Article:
His father, also named John, was a legal clerk and served with the Parliamentary forces in the English Civil War. His family was well-to-do, but not of particularly high social or economic standing.
Please address correspondence to Dr. From Population and Environment: Life on Earth is driven by energy. Autotrophs take it from solar radiation and heterotrophs take it from autotrophs. The control of fire and the exploitation of fossil fuels have made it possible for Homo sapiens to release, in a short time, vast amounts of energy that accumulated long before the species appeared.
By using extrasomatic energy to modify more and more of its environment to suit human needs, the human population effectively expanded its resource base so that for long periods it has exceeded contemporary requirements.
This allowed an expansion of population similar to that of species introduced into extremely, propitious new habitats, such as rabbits in Australia or Japanese beetles in the United States.
But the exhaustion of fossil fuels, which supply three quarters of this energy, is not far off, and no other energy source is abundant and cheap enough to take their place.
If there are survivors, they will not be able to carry on the cultural traditions of civilization, which require abundant, cheap energy. It is unlikely, however, that the species itself can long persist without the energy whose exploitation is so much a part of its modus vivendi.
The human species may be seen as having evolved in the service of entropy, and it cannot be expected to outlast the dense accumulations of energy that have helped define its niche.
Ever since Malthus, at least, it has been clear that means of subsistence do not grow as fast as population. But in the same two centuries world population has grown exponentially while irreplaceable resources were used up.
Some kind of adjustment is inevitable. Today, many people who are concerned about overpopulation and environmental degradation believe that human actions can avert catastrophe.
Unfortunately, worldwide implementation of a rigorous program of birth control is politically impossible. Conservation is futile as long as population continues to rise.
And no resources are truly renewable. If all of nature were in perfect balance, every species would have a constant population, sustained indefinitely at carrying capacity. But the history of life involves competition among species, with new species evolving and old ones dying out.
In this context, one would expect populations to fluctuate, and for species that have been studied, they generally do ecology texts such as Odum, and Ricklefs, give examples. The notion of balance in nature is an integral part of traditional western cosmology.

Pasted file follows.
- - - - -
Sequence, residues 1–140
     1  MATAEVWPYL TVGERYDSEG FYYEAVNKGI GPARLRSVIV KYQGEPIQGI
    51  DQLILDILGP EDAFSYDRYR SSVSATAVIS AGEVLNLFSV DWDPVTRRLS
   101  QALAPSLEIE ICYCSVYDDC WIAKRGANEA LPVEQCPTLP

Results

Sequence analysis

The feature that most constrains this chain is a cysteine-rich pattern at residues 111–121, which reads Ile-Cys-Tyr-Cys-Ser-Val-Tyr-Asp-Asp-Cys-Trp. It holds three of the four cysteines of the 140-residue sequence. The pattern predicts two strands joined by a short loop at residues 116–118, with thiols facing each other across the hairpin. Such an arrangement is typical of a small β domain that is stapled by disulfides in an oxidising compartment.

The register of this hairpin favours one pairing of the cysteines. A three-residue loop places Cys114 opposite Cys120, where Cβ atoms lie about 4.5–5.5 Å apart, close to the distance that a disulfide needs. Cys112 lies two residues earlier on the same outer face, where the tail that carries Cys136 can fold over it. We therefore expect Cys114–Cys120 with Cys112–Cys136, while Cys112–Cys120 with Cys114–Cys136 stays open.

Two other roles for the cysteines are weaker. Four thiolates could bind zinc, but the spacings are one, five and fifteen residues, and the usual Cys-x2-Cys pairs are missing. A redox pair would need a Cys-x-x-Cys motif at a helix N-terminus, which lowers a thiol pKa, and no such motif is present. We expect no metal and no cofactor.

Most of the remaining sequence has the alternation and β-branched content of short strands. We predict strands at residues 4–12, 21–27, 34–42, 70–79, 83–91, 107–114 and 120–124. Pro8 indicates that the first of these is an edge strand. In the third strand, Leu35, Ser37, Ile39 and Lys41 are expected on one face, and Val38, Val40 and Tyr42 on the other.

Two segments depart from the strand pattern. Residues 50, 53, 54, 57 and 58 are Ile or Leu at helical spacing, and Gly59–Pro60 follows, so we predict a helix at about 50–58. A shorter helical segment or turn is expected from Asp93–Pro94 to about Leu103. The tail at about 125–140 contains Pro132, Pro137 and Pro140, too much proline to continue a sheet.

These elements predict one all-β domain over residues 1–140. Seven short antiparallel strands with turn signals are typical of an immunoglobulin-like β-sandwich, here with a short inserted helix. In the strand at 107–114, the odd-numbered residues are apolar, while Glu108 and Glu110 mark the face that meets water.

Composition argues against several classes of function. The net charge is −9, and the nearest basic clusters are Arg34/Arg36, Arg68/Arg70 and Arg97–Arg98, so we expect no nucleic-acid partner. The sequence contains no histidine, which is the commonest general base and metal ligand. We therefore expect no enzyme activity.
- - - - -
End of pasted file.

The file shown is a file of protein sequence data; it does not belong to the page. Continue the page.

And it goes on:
But science has found no such balance. According to the Second Law of Thermodynamics, energy flows from areas of greater concentration to areas of lesser concentration, and local processes run down. Living organisms may accumulate energy temporarily but in the fullness of time entropy prevails.
While the tissue of life that coats the planet Earth has been storing up energy for over three billion years, it cannot do so indefinitely.
Sooner or later, energy that accumulates must be released. This is the bioenergetic context in which Homo sapiens evolved, and it accounts for both the wild growth of human population and its imminent collapse.
There has been life on Earth for at least three and a half billion years, and over this time there has been a clear and constant evolution in the way energy is used.click here Energy and Human Evolution by David Price. Please address correspondence to Dr.
Price, Carpenter Hall, Cornell University, Ithaca, NY Below you will find three outstanding thesis statements / paper topics for “Things Fall Apart” by Chinua Achebe that can be used as essay starters. Chinua Achebe is one of Africa's most well-known and influential contemporary writers.
His first novel, Things Fall Apart, is an early narrative about the European colonization of Africa told from the point of view of the colonized people.
On our obsession with model villages, an extract from Simon Garfield’s In Miniature: How Small Things Illuminate the World.A journey that takes you from the Floridian ruins of Splendid China to Jimmy Cauty’s The Aftermath Dislocation Principle (), miniature worlds are about exercising control, over landscape, architecture and tiny people themselves.
click here Energy and Human Evolution by David Price. Please address correspondence to Dr. Price, Carpenter Hall, Cornell University, Ithaca, NY In the novel, “Things Fall Apart’, by Chinua Achebe, proverbs have an important impact on the storyline.
All proverbs have some kind of deeper meaning behind them, and this is part of the Nigerian culture. Proverbs are used by people of all ages and statures to tell others about the importance.